State Police spotted the car near Exit 19, and an off-duty Fairfield officer, who had a radio in his car, saw the car pull into a nearby parking lot. Kelly and the driver, Tracy Hollister, 33, were both taken into custody. The 16-month-old child was turned over to a grandparent and the state Department of Children and Families was notified. On the backseat of the car were the three drills, worth $1,097.

Kelly, of Bassett Road in Branford, was charged with fourth-degree larceny, conspiracy to commit fourth-degree larceny and risk of injury to a minor. He was held in lieu of $1,000 bond and processed for failure to appear warrant out of Branford, which carried a $2,500 bond. Kelly is scheduled to appear in state Superior Court in Bridgeport on Aug. 22. Hollister, who lives on Wilderwood Road in Guilford, was charged with interfering with an officer, risk of injury to a minor and conspiracy to commit fourth-degree larceny. She was released on a promise to appear in Bridgeport on Aug. 22 as well.   [Source: Chron]

Pink Floyd goes after Alibaba to stop the sale of Chinese counterfeit goods

Pink Floyd is asking a judge to help them put a stop to the sale of counterfeit memorabilia from Chinese manufacturers on the Internet and they want websites like Alibaba, Facebook and Google to help them out. According to court documents obtained by The Blast, the legendary band claims a number of unknown companies have been selling counterfeit goods online, claiming the companies go “to great lengths to conceal both their identities and the full scope and interworking of their illegal counterfeiting operation. The band claims the companies use sites like iOffer and Aliexpress and claim they design their listings “so that they appear to unknowing consumers to be authorized online retailers, outlet stores, or wholesalers selling genuine PINK FLOYD products.”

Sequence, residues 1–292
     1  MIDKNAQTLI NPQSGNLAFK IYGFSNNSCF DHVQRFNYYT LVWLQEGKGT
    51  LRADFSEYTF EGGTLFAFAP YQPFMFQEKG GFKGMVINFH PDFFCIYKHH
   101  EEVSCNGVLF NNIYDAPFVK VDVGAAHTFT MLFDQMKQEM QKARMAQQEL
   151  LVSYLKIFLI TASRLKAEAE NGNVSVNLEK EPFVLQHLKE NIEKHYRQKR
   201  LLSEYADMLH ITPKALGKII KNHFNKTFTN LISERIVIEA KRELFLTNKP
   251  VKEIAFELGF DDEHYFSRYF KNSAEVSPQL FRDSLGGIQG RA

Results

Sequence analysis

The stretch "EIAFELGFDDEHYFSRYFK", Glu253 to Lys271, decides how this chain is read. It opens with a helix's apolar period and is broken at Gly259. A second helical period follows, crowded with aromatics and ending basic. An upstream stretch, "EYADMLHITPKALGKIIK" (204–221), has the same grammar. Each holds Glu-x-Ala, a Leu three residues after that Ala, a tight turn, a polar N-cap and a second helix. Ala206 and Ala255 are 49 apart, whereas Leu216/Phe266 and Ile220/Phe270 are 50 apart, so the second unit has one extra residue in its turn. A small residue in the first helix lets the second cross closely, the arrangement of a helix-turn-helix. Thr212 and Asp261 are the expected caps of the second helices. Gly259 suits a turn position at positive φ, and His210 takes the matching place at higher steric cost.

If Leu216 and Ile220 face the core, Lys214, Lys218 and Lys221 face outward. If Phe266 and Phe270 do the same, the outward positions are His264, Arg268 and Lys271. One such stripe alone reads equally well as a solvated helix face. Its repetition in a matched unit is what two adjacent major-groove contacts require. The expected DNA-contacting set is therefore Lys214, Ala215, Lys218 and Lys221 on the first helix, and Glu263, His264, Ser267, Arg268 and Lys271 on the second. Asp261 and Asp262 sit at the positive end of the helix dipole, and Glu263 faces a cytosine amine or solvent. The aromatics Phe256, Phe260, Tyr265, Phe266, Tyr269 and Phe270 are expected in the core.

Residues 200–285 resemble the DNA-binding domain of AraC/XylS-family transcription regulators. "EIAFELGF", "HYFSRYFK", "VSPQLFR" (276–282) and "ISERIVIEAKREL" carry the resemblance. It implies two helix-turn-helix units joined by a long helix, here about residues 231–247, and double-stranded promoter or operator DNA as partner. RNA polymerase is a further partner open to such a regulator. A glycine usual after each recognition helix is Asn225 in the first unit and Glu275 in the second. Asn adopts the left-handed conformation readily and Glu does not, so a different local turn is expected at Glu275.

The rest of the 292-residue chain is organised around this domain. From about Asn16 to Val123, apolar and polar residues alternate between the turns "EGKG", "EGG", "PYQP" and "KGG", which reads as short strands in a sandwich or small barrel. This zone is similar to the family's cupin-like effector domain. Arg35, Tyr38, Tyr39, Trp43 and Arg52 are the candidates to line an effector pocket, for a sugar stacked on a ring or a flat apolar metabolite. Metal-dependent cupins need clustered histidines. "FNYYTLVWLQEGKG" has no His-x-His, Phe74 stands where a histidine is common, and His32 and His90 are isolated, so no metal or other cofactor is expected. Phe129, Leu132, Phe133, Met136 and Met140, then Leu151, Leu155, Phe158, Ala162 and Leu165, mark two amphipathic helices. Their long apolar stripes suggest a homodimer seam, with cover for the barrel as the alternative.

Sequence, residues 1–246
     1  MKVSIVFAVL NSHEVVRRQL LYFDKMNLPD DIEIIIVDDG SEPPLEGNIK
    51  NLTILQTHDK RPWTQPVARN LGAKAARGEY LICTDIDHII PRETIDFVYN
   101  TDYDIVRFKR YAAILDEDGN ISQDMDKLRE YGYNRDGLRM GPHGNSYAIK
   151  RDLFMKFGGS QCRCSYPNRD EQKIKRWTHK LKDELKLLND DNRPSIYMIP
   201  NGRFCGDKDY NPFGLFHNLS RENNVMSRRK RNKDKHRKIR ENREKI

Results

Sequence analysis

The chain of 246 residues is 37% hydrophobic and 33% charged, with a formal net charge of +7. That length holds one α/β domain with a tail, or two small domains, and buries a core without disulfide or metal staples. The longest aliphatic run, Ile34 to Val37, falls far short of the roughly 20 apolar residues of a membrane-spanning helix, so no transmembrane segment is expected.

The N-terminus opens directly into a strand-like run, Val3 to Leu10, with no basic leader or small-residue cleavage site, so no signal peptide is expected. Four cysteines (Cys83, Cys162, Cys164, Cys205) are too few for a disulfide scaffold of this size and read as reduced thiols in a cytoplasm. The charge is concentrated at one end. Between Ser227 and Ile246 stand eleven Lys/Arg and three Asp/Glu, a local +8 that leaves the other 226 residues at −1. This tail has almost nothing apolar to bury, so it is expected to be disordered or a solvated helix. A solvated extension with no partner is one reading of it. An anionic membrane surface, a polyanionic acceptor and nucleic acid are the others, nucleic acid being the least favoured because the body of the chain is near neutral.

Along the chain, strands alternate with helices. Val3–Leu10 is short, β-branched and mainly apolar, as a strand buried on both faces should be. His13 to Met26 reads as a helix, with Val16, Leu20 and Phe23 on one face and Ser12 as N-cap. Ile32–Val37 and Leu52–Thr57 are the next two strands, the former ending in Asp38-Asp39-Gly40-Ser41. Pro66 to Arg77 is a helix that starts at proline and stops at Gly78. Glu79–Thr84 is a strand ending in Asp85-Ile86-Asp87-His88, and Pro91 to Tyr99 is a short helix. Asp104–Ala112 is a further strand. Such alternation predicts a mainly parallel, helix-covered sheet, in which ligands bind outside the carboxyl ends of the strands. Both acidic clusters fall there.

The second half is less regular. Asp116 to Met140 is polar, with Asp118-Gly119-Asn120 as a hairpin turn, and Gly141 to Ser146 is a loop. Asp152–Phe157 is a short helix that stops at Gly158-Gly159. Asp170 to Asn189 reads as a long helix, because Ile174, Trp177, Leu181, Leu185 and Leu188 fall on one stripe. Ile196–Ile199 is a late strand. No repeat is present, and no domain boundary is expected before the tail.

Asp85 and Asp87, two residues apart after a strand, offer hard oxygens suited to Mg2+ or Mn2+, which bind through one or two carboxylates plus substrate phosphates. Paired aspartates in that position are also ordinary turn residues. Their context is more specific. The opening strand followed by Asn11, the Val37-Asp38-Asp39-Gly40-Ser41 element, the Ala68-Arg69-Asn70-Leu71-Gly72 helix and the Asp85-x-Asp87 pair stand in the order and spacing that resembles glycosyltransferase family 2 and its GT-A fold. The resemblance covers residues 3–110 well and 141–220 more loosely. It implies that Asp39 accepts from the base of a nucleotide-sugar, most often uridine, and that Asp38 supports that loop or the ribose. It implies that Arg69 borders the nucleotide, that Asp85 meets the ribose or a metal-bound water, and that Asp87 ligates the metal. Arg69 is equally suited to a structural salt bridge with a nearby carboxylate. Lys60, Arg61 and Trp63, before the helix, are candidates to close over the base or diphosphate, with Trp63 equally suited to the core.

Pink Floyd claims they have not given any of these companies permission to use their trademark and none of them are authorized retailers of their goods. They also claim these companies have incorporated “search engine optimization (SEO) tactics and social media spamming” so their products appear prominently when fans search for Pink Floyd memorabilia. Pink Floyd is seeking an injunction to stop the sale of the counterfeit goods and they want all the counterfeit websites transferred over to them.

The band also wants a judge to issue an injunction against iOffer and Alibaba — as well as Facebook, YouTube, LinkedIn, Twitter, Google, Bing and Yahoo — to stop them from providing any services for the offending sites. Pink Floyd is asking for all the profits made by the companies selling the counterfeit goods or $2,000,000 for each and every use of their trademark. A judge has yet to rule.  [Source: The Blast]

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Employee charged with embezzlement

A Wilburton, Oklahoma, man is facing five years imprisonment after being caught ringing up overstock products as returns and keeping the money, court documents state. Roy Edward Harrelson Jr., 45, of Wilburton, was charged July 30 with felony embezzlement, according to court documents filed by the office of District 16 District Attorney Jeffrey Smith. Documents show Harrelson is out of the Latimer County Jail after posting a $500 bond.

According to a probable cause affidavit prepared by Wilburton Police Assistant Chief John Ford, Ford was dispatched July 25 to an auto parts store in Wilburton and met with a man that said he was a loss prevention associate who discovered that the store manager – identified as Harrelson – had been embezzling money.